|The Transition of Youth from School to Work: Issues and Policies (IIEP, 2000, 188 p.)|
|Introduction by David Atchoarena|
|Chapter I. From initial education to working life: making transition work by Marianne Durand-Drouhin and Richard Sweet|
|1. The purposes and outcomes of the OECD Thematic Review|
|2. Changes in young people's transition to work during the 1990s|
|3. The transitions are taking longer|
|4. Changing patterns of participation in education and training|
|5. The key features of effective transition systems|
|6. Well-organized pathways that connect initial education with work, further study or both|
|7. Workplace experience combined with education|
|8. Tightly-knit safety nets for those at risk|
|9. Good information and guidance|
|10. Effective institutions and processes|
|11. No single model - what counts is giving priority to youth|
|Chapter II. Training unemployed youth in Latin America: same old sad story? by Claudio de Moura Castro and Aimée Verdisco|
|1. On the elusive art of training|
|2. Training to improve employability: experiences from Latin America|
|4. Conclusion: are youth training programmes still a good idea?|
|Chapter III. Transition from school to work in Korea: reforms to establish a new pathway structure across education and the labour market by Kioh Jeong|
|1. Economic adjustment and youth in Korea|
|2. Roles of institutions in school-to-work transition|
|3. From school to work: business and industry involvement|
|4. Ongoing education reform and implications for youth|
|5. Conclusions: developing pathways|
|Chapter IV. The integration of youth into the informal sector: the Kenyan experience by Ahmed K. Ferej|
|2. The growth of the informal sector in Kenya|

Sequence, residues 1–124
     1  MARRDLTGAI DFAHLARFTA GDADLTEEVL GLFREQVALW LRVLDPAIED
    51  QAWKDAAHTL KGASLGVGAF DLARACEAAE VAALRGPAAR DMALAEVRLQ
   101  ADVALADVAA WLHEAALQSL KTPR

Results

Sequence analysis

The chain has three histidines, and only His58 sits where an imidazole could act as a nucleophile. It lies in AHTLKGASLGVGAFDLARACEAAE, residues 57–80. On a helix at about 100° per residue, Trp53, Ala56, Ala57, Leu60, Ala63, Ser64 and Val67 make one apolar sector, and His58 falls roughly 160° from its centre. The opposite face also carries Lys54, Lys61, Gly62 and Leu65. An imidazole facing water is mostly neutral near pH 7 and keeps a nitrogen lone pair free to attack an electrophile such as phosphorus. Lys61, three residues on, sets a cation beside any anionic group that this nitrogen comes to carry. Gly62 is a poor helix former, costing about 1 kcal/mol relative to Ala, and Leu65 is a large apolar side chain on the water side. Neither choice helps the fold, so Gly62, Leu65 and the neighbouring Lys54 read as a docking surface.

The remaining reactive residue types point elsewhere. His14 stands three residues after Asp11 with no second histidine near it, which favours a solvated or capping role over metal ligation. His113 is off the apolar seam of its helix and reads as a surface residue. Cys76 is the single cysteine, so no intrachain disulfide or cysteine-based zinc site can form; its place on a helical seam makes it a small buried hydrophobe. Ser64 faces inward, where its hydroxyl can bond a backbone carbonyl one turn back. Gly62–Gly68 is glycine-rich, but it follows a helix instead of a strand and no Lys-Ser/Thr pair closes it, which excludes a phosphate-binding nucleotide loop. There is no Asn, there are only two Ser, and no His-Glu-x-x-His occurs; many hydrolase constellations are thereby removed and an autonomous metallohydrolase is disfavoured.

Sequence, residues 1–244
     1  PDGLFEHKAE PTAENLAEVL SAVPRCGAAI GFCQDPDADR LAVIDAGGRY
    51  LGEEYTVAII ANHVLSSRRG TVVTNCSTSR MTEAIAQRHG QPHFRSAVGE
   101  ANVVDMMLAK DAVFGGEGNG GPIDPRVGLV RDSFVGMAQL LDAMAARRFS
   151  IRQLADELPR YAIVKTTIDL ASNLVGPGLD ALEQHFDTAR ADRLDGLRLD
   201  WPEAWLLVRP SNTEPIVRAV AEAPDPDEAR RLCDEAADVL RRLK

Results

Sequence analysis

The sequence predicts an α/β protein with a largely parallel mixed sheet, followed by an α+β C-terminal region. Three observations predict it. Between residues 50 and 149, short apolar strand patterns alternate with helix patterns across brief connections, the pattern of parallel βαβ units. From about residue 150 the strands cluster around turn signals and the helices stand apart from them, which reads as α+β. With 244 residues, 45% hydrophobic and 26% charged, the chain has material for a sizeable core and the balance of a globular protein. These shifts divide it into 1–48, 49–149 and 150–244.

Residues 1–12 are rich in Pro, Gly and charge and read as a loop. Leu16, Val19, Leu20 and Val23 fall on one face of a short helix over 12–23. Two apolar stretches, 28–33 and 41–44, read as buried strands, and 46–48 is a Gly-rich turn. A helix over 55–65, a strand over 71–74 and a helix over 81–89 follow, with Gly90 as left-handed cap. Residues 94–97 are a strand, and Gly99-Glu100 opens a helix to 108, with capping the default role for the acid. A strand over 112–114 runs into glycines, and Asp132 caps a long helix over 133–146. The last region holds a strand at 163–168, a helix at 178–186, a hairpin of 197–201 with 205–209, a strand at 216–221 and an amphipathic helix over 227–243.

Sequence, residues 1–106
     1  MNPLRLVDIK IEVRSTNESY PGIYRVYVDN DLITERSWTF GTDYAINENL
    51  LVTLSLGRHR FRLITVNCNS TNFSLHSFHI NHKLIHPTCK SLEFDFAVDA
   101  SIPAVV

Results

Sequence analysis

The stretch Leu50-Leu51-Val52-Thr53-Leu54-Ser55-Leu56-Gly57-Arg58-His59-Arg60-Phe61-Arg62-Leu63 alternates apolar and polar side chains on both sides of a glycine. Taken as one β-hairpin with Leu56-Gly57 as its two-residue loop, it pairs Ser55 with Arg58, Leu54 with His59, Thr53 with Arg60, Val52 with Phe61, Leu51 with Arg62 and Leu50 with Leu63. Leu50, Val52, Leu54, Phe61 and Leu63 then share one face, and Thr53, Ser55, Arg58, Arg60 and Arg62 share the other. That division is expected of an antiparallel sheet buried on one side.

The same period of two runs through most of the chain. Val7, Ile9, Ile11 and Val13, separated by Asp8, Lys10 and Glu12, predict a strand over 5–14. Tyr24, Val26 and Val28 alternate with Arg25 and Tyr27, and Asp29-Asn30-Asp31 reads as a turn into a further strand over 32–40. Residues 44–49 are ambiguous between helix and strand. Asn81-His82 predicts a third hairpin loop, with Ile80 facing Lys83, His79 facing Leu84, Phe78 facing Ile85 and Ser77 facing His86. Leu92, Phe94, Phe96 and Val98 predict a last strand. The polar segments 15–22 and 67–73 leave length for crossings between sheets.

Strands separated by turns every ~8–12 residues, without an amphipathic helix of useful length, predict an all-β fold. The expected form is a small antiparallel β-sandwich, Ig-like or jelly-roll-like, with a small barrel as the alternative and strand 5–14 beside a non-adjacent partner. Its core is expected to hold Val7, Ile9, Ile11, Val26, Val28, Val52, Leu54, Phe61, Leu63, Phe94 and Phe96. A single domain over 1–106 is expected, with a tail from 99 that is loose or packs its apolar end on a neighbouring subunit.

|3. Vocationalization of the formal education system|
|4. Accessibility to skill training in the informal sector|
|5. Implications for education and training|
|Chapter V. Youth and work in South Africa: issues, experiences and ideas from a young democracy by Adrienne Bird|
|1. Unemployment and recession|
|2. Social dimensions of unemployment|
|3. Government responses to unemployment|
|4. School and skill issues for young people|
|5. Government responses - education and training|
|6. What does this all mean from the perspective of a young person?|
|IIEP publications and documents|
|The International Institute for Educational Planning|
A young person will have a number of increasingly clear options when contemplating entry into the labour market once South Africa's policies are fully implemented:
(a) Improved information and guidance about the labour market when making career choices - both from the learning institution as well as the employment services local office. SETAs will play an important part in preparing up-to-date information on trends.
(b) Placement in a formal-sector job, if one is available and the young person is qualified.
(c) Return to full-time learning with a view to acquiring occupational skills that appear to be needed.
(d) Entry to a learnership - with structured learning and work experience in an occupational area - with work experience facilitated by a SETA or college.
(e) Placement on a job creation scheme if the young person needs to be 'oriented to the labour market'. Youth brigades and Youth Service Schemes are envisaged.
(f) Preparation to commence their own business, either alone or in partnership with others, with support available from various agencies.
(g) Work experience, linked to probation periods and life skills could fill the gap between youth brigades and learnerships.
(h) Young people already in work, either in the formal sector or in self-employment, should be able to access upgrading opportunities. Employment equity legislation should assist those who have previously suffered from discrimination.
(i) Support for those with substance abuse problems, victims from sexual abuse or violence and psychological problems will require special support.
Improved government co-ordination will be needed at the local level to make these choices real for young people across a broad scale. A commitment in this regard has been secured already and collaborative work has begun. The National Youth Commission is making an important contribution to this work.